Negative Effects of “Predatory” Journals on Global Health Research

Authors : Diego A. Forero, Marilyn H. Oermann, Andrea Manca, Franca Deriu, Hugo Mendieta-Zerón, Mehdi Dadkhah, Roshan Bhad, Smita N. Deshpande, Wei Wang, Myriam Patricia Cifuentes

Predatory journals (PJ) exploit the open-access model promising high acceptance rate and fast track publishing without proper peer review. At minimum, PJ are eroding the credibility of the scientific literature in the health sciences as they actually boost the propagation of errors.

In this article, we identify issues with PJ and provide several responses, from international and interdisciplinary perspectives in health sciences.

Authors, particularly researchers with limited previous experience with international publications, need to be careful when considering potential journals for submission, due to the current existence of large numbers of PJ.

Universities around the world, particularly in developing countries, might develop strategies to discourage their researchers from submitting manuscripts to PJ or serving as members of their editorial committees.

URL : Negative Effects of “Predatory” Journals on Global Health Research


Supporting FAIR Data Principles with Fedora

Author: David Wilcox

Making data findable, accessible, interoperable, and re-usable is an important but challenging goal. From an infrastructure perspective, repository technologies play a key role in supporting FAIR data principles.

Fedora is a flexible, extensible, open source repository platform for managing, preserving, and providing access to digital content. Fedora is used in a wide variety of institutions including libraries, museums, archives, and government organizations.

Fedora provides native linked data capabilities and a modular architecture based on well-documented APIs and ease of integration with existing applications. As both a project and a community, Fedora has been increasingly focused on research data management, making it well-suited to supporting FAIR data principles as a repository platform.

Fedora provides strong support for persistent identifiers, both by minting HTTP URIs for each resource and by allowing any number of additional identifiers to be associated with resources as RDF properties.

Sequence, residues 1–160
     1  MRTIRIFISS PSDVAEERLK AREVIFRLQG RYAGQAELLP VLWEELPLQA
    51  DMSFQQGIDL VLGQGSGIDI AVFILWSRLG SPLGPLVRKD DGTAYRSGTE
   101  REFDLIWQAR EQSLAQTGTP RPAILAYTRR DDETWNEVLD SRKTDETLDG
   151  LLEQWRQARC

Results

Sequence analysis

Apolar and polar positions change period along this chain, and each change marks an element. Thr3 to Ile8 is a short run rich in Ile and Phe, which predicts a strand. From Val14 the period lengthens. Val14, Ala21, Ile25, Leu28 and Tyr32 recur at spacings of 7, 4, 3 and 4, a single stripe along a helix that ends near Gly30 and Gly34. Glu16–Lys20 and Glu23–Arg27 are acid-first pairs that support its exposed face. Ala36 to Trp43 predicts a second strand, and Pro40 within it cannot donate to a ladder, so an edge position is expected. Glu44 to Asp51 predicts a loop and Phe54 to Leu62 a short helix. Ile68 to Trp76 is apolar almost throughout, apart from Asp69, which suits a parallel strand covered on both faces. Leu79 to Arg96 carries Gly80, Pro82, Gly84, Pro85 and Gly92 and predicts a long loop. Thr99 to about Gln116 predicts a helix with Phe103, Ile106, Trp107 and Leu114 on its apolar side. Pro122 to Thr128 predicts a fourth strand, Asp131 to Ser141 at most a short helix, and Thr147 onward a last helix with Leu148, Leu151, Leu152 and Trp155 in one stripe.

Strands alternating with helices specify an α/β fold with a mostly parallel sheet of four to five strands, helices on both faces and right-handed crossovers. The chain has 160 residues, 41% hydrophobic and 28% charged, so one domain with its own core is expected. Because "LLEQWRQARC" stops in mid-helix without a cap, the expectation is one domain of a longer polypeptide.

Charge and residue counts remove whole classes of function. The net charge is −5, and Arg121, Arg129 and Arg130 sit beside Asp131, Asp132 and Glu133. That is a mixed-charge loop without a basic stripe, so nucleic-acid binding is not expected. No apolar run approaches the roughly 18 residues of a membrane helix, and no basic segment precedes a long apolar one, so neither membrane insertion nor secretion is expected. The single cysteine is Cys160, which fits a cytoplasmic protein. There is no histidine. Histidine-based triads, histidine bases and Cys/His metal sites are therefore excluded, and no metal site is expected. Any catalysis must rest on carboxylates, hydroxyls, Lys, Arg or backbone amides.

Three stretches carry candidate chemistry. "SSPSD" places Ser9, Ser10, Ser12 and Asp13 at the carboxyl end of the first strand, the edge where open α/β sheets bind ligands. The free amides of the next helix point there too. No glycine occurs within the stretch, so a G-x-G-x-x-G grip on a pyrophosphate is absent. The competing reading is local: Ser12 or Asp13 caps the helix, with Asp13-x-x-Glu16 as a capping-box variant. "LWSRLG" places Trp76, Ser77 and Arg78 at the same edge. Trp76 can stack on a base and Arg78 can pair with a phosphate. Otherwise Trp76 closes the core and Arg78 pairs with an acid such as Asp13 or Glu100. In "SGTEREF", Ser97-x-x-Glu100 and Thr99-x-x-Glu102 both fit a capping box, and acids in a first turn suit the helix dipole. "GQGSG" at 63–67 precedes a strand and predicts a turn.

Fedora also supports rich metadata in any schema that can be indexed and disseminated using a variety of protocols and services. As a linked data server, Fedora allows resources to be semantically linked both within the repository and on the broader web.

Along with these and other features supporting research data management, the Fedora community has been actively participating in related initiatives, most notably the Research Data Alliance.

Fedora representatives participate in a number of interest and working groups focused on requirements and interoperability for research data repository platforms.

This participation allows the Fedora project to both influence and be influenced by an international group of Research Data Alliance stakeholders. This paper will describe how Fedora supports FAIR data principles, both in terms of relevant features and community participation in related initiatives.

URL : Supporting FAIR Data Principles with Fedora


A Very Long Embargo: Journal Choice Reveals Active Non-Compliance with Funder Open Access Policies by Australian and Canadian Neuroscientists

Authors: Shaun Yon-Seng Khoo, Belinda Po Pyn Lay

Research funders around the world have implemented open access policies that require funded research to be made open access, usually by self-archiving, within 12 months of publication.

Elsevier is unique among major science publishers because it produces several journals with non-compliant self-archiving embargoes of more than 12 months. We used Elsevier’s Scopus database to study the rate at which Australian and Canadian neuroscientists publish in Elsevier’s non-compliant (embargoes > 12 months) and compliant journals (embargoes ≤ 12 months).

We also examined publications in immediate open access neuroscience journals that had the DOAJ Seal and neuroscience publications in open access mega-journals. We found that the implementation of Australian and Canadian funder open access policies in 2012/2013 and 2015 did not reduce the number of publications in non-compliant journals.

Instead, scientific output in all publication types increased with the greatest growth in immediate open access journals. This data suggests that funder open access policies that are similar to the Australian and Canadian policies are likely to have little effect beyond an association with a general cultural trend towards open access.

URL : A Very Long Embargo: Journal Choice Reveals Active Non-Compliance with Funder Open Access Policies by Australian and Canadian Neuroscientists